Plant breeders cannot currently offer cereal growers a ‘silver bullet’ when it comes to overcoming the challenge of septoria resistance in cereal crops, according to Nicholas Bird from KWS.
He was speaking at today’s Teagasc Septoria Conference in Dunboyne Castle, Co. Meath.
“The best we can offer is partial septoria resistance, the level of which depends on the parent plants used in a specific breeding programme. But nature tends to level matters off.
Putting a focus on septoria resistance at one level may have a negative impact on traits such as yield potential.
Bird said that septoria is one of 50 traits considered within a cereal plant breeding programme.
“Cost is another factor that comes into play, when assessing which aspects of overall performance should be emphasised within a new wheat or barley variety.
“It takes 14 years to take a plant breeding programme through from the initial cross, until the time when a new variety is brought to market.”
Bird said that the major gene STB6 is the one that has delivered the highest levels of inherent resistance to septoria amongst cereal crops grown under field conditions.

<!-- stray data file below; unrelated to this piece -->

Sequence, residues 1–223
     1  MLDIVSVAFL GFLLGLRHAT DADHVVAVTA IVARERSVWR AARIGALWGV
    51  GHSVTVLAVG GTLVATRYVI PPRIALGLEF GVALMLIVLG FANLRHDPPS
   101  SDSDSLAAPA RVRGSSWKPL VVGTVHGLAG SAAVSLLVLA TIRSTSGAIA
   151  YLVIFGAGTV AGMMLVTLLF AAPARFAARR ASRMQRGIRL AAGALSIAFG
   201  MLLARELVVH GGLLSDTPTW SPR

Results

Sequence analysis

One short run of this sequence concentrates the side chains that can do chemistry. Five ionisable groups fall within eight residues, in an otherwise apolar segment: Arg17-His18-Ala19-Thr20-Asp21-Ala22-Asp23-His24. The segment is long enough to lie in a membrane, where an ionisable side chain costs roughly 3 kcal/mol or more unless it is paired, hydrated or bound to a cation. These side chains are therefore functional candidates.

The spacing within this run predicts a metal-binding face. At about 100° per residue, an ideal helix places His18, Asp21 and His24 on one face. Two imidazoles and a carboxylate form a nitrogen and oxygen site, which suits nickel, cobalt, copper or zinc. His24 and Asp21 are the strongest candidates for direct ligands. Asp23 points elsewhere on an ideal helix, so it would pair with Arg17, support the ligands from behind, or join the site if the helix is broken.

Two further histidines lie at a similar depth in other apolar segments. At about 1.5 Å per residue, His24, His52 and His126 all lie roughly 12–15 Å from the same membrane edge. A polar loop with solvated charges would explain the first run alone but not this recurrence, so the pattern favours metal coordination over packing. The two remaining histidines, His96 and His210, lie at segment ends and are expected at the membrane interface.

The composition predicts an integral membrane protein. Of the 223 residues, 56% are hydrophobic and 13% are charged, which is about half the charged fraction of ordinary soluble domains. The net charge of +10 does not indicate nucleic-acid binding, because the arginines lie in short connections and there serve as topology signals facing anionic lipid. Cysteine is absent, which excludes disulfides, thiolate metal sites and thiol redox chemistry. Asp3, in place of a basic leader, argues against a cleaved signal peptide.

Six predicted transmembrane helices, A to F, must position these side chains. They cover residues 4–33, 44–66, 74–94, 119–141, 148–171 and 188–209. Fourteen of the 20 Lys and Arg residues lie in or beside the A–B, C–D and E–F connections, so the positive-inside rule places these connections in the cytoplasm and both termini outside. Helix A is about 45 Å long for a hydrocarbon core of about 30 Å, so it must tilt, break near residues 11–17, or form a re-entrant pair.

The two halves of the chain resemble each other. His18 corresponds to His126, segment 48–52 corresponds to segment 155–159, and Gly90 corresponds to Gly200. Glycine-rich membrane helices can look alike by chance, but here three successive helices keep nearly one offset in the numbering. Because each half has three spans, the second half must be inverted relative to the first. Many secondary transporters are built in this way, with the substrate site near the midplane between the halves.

“But it is too impractical and costly to screen specifically for genetic resistance to septoria. So this leaves breeders with the option of combining the partial resistance inherent in their crossing programmes, thereby selecting new combinations of existing resistance levels.”
Looking to the future Bird said that plant breeders may come up new cereal varieties that have an inherent resistance.
“Many wild varieties of wheat are totally resistant to the disease,” he said.
“Work ongoing at the University of Nottingham is centred on the crossing of these feral strains with cultivated varieties. But it will probably take quite a number of years before this work can bring a commercially sustainable, septoria-resistant variety to the market.
“This work is being carried out using traditional plant breeding techniques. So the issue of GM does not come into play.”